These Floating Bonsais Trees Will Make Your Coworkers Think Your Desk Is Magic — PHOTOS

The worlds of science fiction and zen have finally collided — and all to create what's bound to be a trend piece for home decor. That's right: floating bonsai trees are now a thing, in case you were interested in making your house guests feel at ease and completely freaked out all at the same time. 

The designers over at The Hoshinchu Team in Japan have named their creation "Air Bonsai." The bottom half of the plant is the "energy base," and the top is the "little star," or the floating ball. Each half consists of a magnet that enforces an equal but opposite resistance to one another. Therefore, it gives the illusion that the top half of the tree is actually floating in the air. (A levitating tree? Now that's zen.) 

If you were to purchase it from the team of designers themselves, you would be running yourself a bill of about $200. The cost — other than the construction — comes from the traditional Japanese porcelain base. Currently, Air Bonsai is in the middle of a Kickstarter campaign, with the goal of raising $80,000 to lift their project off the ground (get it?) Right now they've raised just under $190,000, if that gives you any idea as to how popular these things are going to be.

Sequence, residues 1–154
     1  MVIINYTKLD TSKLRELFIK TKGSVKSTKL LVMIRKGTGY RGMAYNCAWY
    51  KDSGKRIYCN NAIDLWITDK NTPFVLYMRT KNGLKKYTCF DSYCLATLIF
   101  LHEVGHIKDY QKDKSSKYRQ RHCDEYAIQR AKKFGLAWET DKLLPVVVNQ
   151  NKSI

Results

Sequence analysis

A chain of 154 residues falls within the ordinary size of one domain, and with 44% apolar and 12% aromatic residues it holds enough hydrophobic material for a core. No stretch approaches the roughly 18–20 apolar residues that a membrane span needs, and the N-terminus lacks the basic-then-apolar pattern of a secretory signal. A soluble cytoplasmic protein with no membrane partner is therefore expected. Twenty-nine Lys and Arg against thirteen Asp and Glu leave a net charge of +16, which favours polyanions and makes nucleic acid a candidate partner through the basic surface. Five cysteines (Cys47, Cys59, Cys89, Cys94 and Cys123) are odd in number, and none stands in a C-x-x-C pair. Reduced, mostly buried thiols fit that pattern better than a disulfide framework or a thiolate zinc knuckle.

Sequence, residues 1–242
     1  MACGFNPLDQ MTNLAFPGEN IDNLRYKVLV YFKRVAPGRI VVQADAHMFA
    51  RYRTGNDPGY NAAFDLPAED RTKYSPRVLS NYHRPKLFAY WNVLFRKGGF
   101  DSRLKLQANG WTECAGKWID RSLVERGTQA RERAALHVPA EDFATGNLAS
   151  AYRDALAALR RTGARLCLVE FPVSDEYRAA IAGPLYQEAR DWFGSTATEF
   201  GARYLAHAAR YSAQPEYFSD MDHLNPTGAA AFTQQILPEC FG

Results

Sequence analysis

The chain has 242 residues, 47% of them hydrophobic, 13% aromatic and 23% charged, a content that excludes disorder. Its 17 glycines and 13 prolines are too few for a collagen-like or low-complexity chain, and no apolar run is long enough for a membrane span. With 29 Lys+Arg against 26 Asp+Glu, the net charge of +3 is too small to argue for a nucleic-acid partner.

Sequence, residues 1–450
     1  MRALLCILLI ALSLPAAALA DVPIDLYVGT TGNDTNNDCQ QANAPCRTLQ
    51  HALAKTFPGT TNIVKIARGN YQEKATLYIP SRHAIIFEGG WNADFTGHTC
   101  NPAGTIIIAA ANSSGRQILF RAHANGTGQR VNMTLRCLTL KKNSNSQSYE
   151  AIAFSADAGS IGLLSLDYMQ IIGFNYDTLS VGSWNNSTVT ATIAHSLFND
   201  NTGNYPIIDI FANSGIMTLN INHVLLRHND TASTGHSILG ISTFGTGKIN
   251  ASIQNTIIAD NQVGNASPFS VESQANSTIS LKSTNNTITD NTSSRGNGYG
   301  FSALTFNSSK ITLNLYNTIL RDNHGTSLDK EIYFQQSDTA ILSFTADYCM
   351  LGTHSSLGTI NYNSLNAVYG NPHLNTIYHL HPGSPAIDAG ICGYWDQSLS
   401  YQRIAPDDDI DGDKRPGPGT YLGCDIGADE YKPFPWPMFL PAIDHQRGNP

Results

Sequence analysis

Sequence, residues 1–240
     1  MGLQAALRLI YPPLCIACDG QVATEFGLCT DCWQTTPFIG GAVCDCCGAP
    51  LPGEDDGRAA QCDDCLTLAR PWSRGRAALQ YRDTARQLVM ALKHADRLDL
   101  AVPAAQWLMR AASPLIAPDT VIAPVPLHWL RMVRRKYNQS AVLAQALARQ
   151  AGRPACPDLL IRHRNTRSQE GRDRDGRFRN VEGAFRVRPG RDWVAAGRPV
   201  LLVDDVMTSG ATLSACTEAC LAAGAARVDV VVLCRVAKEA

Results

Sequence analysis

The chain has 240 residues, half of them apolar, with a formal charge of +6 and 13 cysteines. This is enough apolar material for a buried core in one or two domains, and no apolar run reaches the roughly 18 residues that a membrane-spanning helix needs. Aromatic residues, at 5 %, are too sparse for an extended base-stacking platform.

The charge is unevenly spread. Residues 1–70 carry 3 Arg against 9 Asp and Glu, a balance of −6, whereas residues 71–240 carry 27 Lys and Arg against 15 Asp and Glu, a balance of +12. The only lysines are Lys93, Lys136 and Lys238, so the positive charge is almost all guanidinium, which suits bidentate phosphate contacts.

[Embed]

In an Air Bonsai kit, which will be sold for $200, you receive a magnetic base (15 cm across by six cm high) as well as a mossy ball (the "little star") to construct the home for your plant. The ball will float two cementers above the base and has a sponge insert where you can place the plant. The downside is that you'll have to purchase it on your own, due to export problems — yet the upside is that you can put whatever you want in there! 

There are also kits available for $230, $500 and all the way up to $10,000 (!), which include upgrades such as a pumice planter or a trip to the company's Japanese headquarters to pick up your product (guess what you have to pay for that one — yep, the $10,000). However, there are a few limitations to the product. For example, you would have to keep the base plugged into an outlet at all times (it requires electricity to function) and of course, depending on the size of your kit, there would be weight restrictions to how large the plant could grow. Watering is another issue (you can't do it over the electric base). But I suppose these all seem like a very small price to pay in exchange for a tree that floats in the air... sitting on your coffee table. 

Images: The Hoshinchu Team (3) 

Must Reads